Twenty years ago, Vietnam was among the poorest nations in the world. Today, while tens of millions of its citizens have risen out of poverty, a small but growing number have managed to amass their own personal fortunes in the southern hub. By Dana Filek-Gibson.
In pictures, motorists sit astride their Honda Cubs, hair trailing behind them in the breeze. Colourful advertisements and hand-painted propaganda line the streets. Up above, the sky is far easier to pick out amid an absence of financial towers and high-rise buildings. And yet, for all its differences, the Saigon of 1994 is still familiar. Le Loi remains a wide, shaded avenue, and the many rooftops of Cho Lon rest upon its enormous frame in much the same way as they did before. Though the flashy motorbikes, neon lights and modern advertising of today haven’t yet appeared on the scene, Saigon’s recognisable framework prevails.
Two decades on, the southern hub, and indeed, much of Vietnam, has transformed in ways few could have imagined. Today, Saigon is full of juxtapositions: Bentleys share the road with bicycles, xe oms perch on the same block as Chanel and the plastic furniture of Saigon’s street vendors stands in stark contrast to ultra chic downtown eateries. Clearly, this is a country that has come into some money. When, in the mid-90s, the World Bank estimated Vietnam’s national poverty rate, it put roughly 60 percent of the population at or below the poverty line. As of 2012, that same figure had shrunk to around 17 percent. Though the country’s newfound wealth is far from perfect, Vietnam’s dramatic rise from one of the world’s poorest nations to a low-middle income country is nothing short of remarkable.
More impressive still has been the country’s rapid introduction to the digital age. According to TNS Vietnam, a Saigon-based custom research company, as recently as 2006 smartphones had yet to arrive in the country. Nowadays, 31 percent of Vietnamese own a ‘smart’ mobile device, and roughly two-thirds of its citizens are online. Beyond these changes in wealth and access, Vietnam’s younger generations are also blessed with greater opportunity than their parents had. College and university graduates make up over half of the country’s affluent citizens, affording young Vietnamese further opportunities to improve their social standing.
“I think probably [Vietnam’s] single largest achievement is pretty well the eradication of poverty,” says Ralf Matthaes, regional managing director at TNS.
But if the average Vietnamese citizen has managed to pull their family out of poverty over the last 20 years, a select few have really outdone themselves. Ultra-high net worth individuals (UHNWIs), or those whose net worth is valued at $30 million or more, represent the very upper echelons of Vietnamese society. By the estimates of Knight Frank, a global real estate consultancy, the country is currently home to 110 UHNWIs, 90 of whom live in Saigon. Knight Frank, which publishes an annual report analysing the wealth and spending habits of UHNWIs across the globe, believes that by 2023 Saigon’s number of ultra-wealthy will have risen to 246, making this the fastest-growing UHNWI population worldwide.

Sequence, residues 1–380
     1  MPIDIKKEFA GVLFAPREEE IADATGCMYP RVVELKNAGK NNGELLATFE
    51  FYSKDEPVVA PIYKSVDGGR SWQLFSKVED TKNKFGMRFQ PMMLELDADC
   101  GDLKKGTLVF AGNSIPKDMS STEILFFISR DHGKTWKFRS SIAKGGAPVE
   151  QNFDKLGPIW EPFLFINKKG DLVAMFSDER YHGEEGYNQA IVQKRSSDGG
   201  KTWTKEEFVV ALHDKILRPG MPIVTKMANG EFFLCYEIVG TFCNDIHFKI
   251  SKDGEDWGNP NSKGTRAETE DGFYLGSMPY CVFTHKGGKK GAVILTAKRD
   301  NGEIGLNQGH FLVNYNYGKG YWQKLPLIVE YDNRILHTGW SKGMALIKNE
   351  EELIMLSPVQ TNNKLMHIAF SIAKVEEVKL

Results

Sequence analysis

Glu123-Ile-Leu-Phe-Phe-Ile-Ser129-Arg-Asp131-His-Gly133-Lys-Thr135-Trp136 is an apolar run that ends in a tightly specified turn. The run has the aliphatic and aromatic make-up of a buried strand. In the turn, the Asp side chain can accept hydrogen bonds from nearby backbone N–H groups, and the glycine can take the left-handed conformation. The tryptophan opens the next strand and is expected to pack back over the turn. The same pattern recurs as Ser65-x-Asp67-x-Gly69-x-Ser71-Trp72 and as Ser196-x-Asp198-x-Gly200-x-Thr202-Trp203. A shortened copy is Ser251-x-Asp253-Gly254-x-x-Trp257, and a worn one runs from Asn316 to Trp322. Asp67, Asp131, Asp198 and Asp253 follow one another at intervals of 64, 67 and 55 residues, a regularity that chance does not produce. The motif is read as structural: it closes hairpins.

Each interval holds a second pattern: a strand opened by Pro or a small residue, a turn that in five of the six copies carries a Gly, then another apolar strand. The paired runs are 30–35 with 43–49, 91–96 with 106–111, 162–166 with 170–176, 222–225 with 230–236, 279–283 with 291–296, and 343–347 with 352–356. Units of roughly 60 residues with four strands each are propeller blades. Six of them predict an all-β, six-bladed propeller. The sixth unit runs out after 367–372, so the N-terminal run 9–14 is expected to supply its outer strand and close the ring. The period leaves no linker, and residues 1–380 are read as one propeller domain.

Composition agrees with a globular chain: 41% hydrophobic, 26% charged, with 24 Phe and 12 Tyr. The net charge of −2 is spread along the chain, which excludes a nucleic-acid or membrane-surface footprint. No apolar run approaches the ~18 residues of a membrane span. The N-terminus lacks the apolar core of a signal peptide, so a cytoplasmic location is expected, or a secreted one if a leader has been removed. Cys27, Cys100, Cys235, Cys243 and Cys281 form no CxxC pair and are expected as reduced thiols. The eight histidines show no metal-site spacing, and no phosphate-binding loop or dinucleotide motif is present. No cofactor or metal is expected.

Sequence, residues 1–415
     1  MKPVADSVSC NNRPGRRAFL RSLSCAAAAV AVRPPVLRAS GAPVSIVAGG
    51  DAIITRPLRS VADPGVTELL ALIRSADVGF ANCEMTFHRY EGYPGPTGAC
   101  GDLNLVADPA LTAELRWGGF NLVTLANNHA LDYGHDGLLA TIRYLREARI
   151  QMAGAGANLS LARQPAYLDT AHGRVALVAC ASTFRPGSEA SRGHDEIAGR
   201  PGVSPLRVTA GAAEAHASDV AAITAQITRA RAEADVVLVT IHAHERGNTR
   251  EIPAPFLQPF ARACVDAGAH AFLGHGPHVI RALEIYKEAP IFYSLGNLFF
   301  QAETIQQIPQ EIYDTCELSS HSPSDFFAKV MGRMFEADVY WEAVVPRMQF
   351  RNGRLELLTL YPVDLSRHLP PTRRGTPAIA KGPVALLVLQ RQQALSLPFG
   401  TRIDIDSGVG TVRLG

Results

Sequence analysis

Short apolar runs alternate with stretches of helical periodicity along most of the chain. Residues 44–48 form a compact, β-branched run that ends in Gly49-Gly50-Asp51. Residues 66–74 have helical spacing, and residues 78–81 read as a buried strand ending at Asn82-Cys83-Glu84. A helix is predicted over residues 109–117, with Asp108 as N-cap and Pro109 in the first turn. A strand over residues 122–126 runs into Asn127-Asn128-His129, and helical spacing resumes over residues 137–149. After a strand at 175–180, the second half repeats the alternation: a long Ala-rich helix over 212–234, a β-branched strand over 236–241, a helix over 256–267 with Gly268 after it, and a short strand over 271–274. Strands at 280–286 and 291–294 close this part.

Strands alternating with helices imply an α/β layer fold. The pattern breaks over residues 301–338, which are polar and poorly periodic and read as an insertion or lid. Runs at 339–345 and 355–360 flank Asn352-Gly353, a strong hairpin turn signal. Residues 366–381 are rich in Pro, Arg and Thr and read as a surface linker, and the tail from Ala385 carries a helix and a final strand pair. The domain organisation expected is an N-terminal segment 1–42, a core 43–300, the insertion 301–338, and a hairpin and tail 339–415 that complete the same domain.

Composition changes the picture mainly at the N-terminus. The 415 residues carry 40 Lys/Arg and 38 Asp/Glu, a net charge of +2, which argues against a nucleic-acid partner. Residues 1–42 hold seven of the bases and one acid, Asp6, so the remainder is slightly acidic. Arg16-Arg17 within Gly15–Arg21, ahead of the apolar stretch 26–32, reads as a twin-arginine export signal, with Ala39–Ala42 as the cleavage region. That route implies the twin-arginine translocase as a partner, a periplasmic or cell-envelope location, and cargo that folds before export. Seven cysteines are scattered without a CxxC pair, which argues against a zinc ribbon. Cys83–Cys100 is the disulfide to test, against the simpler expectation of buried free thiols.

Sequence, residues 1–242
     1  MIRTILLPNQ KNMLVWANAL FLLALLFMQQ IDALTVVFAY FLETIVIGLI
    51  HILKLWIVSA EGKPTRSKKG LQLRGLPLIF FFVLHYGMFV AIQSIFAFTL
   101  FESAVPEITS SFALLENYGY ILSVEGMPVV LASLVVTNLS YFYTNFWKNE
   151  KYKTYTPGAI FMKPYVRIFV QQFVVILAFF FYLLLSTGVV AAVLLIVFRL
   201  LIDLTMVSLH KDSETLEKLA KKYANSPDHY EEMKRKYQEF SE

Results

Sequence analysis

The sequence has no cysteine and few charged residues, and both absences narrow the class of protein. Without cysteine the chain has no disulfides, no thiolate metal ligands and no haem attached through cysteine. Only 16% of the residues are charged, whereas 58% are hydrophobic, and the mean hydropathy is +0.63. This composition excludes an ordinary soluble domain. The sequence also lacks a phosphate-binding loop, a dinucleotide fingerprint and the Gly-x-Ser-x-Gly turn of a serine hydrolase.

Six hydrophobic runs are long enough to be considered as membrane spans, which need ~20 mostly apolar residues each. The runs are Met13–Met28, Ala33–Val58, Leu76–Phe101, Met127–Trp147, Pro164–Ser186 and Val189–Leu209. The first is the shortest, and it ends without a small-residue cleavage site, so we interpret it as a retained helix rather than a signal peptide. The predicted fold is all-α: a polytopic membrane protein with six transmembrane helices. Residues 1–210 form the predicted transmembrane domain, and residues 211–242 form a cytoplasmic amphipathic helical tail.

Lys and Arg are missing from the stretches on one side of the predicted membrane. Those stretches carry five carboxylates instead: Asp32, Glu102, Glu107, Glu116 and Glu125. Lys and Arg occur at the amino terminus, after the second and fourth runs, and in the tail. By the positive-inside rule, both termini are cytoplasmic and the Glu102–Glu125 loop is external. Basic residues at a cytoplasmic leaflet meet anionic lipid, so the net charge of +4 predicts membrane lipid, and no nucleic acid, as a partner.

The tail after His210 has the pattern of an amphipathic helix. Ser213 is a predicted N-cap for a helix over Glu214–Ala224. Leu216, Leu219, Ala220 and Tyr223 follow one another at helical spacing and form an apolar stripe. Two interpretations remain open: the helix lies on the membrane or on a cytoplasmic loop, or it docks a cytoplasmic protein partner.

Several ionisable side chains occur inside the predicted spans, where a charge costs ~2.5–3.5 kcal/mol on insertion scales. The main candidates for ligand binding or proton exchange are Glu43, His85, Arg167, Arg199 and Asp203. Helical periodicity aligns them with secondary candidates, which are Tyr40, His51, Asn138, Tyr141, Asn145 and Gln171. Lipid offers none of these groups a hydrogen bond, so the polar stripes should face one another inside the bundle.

Whether or not Saigon is to produce future millionaires, for the time being the current ones are happy to stand out with flashy status symbols. Near Dong Khoi, long a bastion of upper-class delights, designer brands like Louis Vuitton, Bulgari, Chanel and Burberry occupy the posh storefronts just west of the Opera House. Luxury cars navigate Saigon’s busy streets, from Mercedes-Benz to BMWs. Though Audi got off to a slow start when it first arrived in Saigon in 2008, the company fared well enough to open a second location the following year in Hanoi. In 2013, as Vietnam recorded its lowest GDP growth in 13 years, sales at the company grew 83 percent from the previous year, far exceeding Audi’s expectations.
“Our sales in 2013 developed 10 times higher than Audi [shareholders]’s initial expectations,” says Laurent Genet, general director of Audi Vietnam. According to Genet, UHNWI customers are more likely to be interested in the company’s top-of-the-line vehicles and, provided things turn out well, will come back for more. “Most enthusiastic Audi customers buy cars for them first and, if they are happy, for their family members,” he explains.
But while Audi’s booming sales and the projections of the Knight Frank report paint a picture of continued prosperity, this wealth is top-heavy. Recent years have brought an economic slowdown to the country, where Vietnam’s annual GDP growth remains on par with most developing nations around the world but below many of its Southeast Asian neighbours. The rich are still able to get richer here, however an ever-increasing gap has begun to separate the nation’s highest and lowest earners. Vietnam’s lower and middle classes, after a period of economic gain, are beginning to reach the limit of their opportunity. Though many remain optimistic that the economy will rebound over the next few years, this sentiment is tempered with caution.
“To be fair, I think the economic plight is not going to be a rocketship in terms of recovery,” says TNS’s Matthaes, who puts Vietnam’s recovery one or two years in the future.
World Bank forecasts also suggest that things will look up again, though it could be a few years before Vietnam’s lower- and middle-class citizens find themselves enjoying the same economic growth they experienced in the first decade of the 21st century.
Meanwhile, across the city conflicting images of modern-day Saigon persist, with street vendors shuffling by Vincom’s sleek shopping malls carrying bamboo poles on their shoulders. If the past is even a fraction of an indication toward the future, Vietnam will move into the next decade just fine, though it remains to be seen whether some will come out better than others.